Aim To analyse the distributional patterns of the Baja California Peninsula's resident avifauna, and to generate a regionalization based on a method that uses a parsimony analysis (parsimony analysis of endemicity, PAE) of point data and modelled potential distributions.
Location The Baja California Peninsula, Mexico.
Methods A data base was constructed containing records of 113 species of resident terrestrial birds present in the Baja California Peninsula. Records and localities were obtained from the literature and from specimens housed in scientific collections world-wide. Raw data points and potential distribution maps obtained using the software Genetic Algorithms for Rule-set Prediction (GARP), were analysed with PAE.
Results The data base consisted of 4164 unique records (only one combination of species/locality) belonging to 113 terrestrial resident bird species, in a total of 809 localities. From the point distribution matrix, the analysis generated 500 equally parsimonious trees, from which a strict consensus cladogram with 967 steps was obtained. The cladogram shows a basal polytomy and some geographical correspondence of a few resolved groups obtained in the analysis. These results do not allow the recognition of areas defined by avifaunistic associations. From the potential distribution matrix, the analysis generated 501 equally parsimonious trees, and a strict consensus cladogram of 516 steps was obtained. The cladogram shows a higher resolution because of the number of resolved groups with better geographical correspondence and therefore regions are well-defined.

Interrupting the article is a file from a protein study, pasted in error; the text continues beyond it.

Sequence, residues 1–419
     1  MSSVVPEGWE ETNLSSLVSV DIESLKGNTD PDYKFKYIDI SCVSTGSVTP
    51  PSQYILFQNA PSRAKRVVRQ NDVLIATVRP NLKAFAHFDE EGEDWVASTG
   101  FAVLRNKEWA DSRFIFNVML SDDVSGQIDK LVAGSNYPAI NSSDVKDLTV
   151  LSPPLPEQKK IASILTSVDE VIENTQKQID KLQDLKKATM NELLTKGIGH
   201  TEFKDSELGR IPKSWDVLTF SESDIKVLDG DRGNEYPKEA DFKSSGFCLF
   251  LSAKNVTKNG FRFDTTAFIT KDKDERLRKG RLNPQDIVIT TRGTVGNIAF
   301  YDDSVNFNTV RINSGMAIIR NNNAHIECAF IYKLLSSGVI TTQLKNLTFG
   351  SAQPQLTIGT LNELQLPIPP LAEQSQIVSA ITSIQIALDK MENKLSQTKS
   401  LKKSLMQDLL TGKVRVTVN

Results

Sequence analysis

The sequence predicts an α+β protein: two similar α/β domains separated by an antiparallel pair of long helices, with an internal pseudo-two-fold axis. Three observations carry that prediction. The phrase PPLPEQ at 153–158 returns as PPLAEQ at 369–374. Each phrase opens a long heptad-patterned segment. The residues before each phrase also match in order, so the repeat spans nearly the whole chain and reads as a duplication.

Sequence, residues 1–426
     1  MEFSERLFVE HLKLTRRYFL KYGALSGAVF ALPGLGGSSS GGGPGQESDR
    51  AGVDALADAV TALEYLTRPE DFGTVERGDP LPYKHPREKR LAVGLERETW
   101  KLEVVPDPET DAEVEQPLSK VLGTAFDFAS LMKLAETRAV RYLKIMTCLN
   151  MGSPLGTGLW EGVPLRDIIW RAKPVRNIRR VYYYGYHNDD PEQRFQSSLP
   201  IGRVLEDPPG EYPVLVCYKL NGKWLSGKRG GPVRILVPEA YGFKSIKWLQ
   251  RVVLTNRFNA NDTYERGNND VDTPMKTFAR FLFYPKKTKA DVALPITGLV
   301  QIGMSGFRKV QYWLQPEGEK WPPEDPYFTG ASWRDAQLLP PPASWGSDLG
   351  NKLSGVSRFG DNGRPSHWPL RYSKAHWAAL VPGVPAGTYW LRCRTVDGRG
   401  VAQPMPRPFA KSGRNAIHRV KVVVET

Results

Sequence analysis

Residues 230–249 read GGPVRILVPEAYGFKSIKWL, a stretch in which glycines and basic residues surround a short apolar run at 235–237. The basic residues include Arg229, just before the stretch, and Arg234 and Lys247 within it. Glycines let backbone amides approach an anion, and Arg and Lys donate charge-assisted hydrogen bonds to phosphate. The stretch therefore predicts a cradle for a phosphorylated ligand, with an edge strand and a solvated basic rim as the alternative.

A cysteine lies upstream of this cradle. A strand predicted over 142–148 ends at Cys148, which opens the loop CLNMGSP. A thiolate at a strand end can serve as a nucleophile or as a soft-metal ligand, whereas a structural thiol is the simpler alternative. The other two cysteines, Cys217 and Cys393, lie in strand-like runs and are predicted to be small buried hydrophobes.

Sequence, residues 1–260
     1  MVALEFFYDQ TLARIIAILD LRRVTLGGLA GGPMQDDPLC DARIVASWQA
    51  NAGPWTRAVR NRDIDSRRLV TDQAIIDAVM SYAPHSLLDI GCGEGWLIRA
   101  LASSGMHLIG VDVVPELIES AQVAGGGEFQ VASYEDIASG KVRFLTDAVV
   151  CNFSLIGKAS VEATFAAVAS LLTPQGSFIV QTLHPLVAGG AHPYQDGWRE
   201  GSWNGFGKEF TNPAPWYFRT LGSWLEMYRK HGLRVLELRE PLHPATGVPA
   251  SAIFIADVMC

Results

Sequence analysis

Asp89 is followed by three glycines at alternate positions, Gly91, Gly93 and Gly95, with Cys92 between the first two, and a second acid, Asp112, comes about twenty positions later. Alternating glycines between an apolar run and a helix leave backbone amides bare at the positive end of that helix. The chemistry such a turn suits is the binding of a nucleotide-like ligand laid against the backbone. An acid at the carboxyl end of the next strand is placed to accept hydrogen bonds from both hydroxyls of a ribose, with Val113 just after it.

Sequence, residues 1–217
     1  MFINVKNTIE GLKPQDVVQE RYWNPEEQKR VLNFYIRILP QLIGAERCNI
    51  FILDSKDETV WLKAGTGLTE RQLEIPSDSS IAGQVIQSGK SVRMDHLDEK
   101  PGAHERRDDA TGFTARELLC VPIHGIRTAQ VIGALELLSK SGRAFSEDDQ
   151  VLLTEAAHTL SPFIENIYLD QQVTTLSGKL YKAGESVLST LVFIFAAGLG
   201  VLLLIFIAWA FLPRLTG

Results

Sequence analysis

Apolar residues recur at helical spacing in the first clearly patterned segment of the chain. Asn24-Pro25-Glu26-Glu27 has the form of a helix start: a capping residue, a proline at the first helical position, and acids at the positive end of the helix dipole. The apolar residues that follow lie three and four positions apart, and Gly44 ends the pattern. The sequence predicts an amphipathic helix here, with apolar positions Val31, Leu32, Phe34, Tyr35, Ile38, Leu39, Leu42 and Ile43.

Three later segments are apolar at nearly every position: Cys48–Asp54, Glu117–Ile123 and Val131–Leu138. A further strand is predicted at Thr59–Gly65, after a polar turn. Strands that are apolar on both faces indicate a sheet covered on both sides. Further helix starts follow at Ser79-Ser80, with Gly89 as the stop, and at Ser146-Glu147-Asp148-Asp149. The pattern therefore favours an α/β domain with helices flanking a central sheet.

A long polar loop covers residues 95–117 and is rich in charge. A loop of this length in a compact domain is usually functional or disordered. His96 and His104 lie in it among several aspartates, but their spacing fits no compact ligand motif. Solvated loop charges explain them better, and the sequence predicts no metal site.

Main conclusions The correspondence of some groupings of species suggest their validity as areas with biogeographical (historical and/or ecological) meaning. This regionalization in the Baja California avifauna seems to be consistent with previous regionalizations for other groups. Hence, PAE is a useful tool for area categorization if reliable point records and prediction tools are available. Our results suggest that the geographical definition is much better using potential data generated by GARP, particularly when they are contrasted with the results from point data. Thus, this is an excellent alternative for developing biogeographical studies, as well as for improving the use of data from scientific collections and other sources of biodiversity information.
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